Sunday, May 03, 2009

A near miss!

There I was at home, 18.34, after a slightly dull day (public holiday, town dead) planning to go clubbing later in the evening, and looking to see what else might be on yesterday, today, tomorrow....when I spotted a State Symphony Orchestra concert, starting at 19.00. Wow! Changed into concert clothes, including a new shirt (worried in case some pins were left in it) and shot off across the road to the Kongresu Rumai.

It was a fully romantic concert, Strauss (Richard), Bruch, and Berlioz - playing to a half-empty concert hall - what else would you expect on a sunny long weekend evening? The conductor was Adrian Brown, the soloist Sasha Rozhdestvensky, stated to be one of Russia's 'finest young violinists' whom Menuhin pronounced to be 'one of the most talented and gifted violinists of his generation'. Sometimes I worry about the number of violinists carrying similar Menuhin statements around with him; Menuhin was kind of a polite guy, but he must also have been aware of the weight these kind of statements carry. Père Rozhdestvensky is that famous conductor, Gennady of that ilk.

The State Symphony Orchestra has changed a bit - seems like ages since I was there.

The programme was really all a bit old-hat; cheap in terms of performance rights, I expect. Strauss' Till Eulenspiegel, quite nicely played, though the first violinist was really rather dodgy in every one of her solos. I haven't been to that orchestra's concerts for ages, so I don't know if she is now the permanent leader or not (the other one, Zbigniev Levickas, would have done it beautifully).

Young Sasha Rozhdestvensky is indeed a violinist with a very beautiful tone. I was a bit surprised that he played the Bruch concerto (which I have heard now for this fifth time this year, in Vilnius) from sheet music. Is that not something so basic, in terms of repertoire, that one should know it from memory? I am not sure about his interpretation, though. It was rather old-fashioned, with lots of portamento and rubato; the way it might have been played 100 years ago, but is probably not really played now. But it's the Russian way, perhaps. His encore was a simple Bach piece; played better than Maxim Rysanov's Bach 6 days earlier - quite good, really. I wonder, though, if no-one else has written any encores for violin solo?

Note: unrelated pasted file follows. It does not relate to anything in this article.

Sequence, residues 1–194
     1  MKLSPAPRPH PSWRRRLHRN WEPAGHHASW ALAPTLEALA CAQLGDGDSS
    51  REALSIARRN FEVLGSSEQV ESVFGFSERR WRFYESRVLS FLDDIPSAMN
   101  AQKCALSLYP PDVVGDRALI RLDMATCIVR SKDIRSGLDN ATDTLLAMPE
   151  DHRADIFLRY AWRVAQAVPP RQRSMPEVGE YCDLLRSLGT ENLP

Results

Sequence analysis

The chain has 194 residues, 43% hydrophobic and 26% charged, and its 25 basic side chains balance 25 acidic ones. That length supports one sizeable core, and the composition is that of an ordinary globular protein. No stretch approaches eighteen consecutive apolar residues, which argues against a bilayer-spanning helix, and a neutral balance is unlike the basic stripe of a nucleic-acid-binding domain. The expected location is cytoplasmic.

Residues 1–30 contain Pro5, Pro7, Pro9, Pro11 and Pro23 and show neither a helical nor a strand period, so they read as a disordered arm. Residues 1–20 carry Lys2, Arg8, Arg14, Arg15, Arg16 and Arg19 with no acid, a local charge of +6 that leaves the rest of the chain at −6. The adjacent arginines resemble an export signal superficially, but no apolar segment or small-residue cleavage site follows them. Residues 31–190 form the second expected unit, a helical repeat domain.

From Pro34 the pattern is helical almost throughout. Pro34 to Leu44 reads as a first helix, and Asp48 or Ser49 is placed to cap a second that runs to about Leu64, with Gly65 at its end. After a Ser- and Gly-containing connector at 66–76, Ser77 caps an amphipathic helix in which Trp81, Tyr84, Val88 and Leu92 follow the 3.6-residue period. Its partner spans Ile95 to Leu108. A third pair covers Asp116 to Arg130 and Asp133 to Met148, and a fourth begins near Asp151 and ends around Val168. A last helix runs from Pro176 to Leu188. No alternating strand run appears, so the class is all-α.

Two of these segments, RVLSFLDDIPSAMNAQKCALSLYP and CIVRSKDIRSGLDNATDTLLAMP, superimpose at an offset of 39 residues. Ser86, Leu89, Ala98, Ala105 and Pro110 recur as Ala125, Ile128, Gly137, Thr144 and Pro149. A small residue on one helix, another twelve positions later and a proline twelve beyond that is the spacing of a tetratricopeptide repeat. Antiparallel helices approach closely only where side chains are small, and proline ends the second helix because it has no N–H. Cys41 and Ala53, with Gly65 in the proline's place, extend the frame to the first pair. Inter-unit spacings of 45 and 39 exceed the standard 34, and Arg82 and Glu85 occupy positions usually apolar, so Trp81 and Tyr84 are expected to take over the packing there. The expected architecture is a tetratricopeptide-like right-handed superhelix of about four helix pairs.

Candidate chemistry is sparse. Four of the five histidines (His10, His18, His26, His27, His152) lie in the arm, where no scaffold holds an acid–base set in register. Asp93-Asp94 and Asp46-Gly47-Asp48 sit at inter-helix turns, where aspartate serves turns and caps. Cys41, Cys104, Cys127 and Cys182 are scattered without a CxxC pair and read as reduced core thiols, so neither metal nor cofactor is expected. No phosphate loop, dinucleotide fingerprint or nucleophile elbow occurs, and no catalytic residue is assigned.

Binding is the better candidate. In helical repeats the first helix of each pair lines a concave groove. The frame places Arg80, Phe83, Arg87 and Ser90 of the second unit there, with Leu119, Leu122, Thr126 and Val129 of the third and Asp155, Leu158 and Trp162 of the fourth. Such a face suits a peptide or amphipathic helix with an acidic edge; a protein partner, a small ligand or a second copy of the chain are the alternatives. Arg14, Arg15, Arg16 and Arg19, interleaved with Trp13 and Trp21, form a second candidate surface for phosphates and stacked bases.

At the interval I asked what the final piece would be.....it was Berlioz' Fantastic Symphony; one of my favourite pieces! And to think that I might have missed that! It was great! The orchestra did really well - the quiet places they played as quietly as I rarely heard them play; the percussion - the fabulous Pavelas Giunteris and colleagues - was awesome, eery, threatening, overwhelming, everything as required. The violas laid down a wonderful solo (the cellos were a bit lacking in feeling, but it's that leader) - it was a great performance! Brown came across as a very secure and reliable conductor - one who really beats a beat (many conductors don't) and he really brought out the best of the orchestra.

Some time after the concert, tried to do a bit more clubbing...went to the cellar of the Neringa Hotel which advertises itself as having famous Lithuanian singers (live, presumably). At around 11 pm it was fairly deserted; had a small party and some men on their own, including me; plus a DJ and some canned music.....Luckily it also had a book shelf, though the only English book within my reach was that on the Rachel Nickell murder, written by her husband for the mass market - not exactly cheery stuff. Left after I finished my beer. This is not great - at what time do these Lithuanians get out?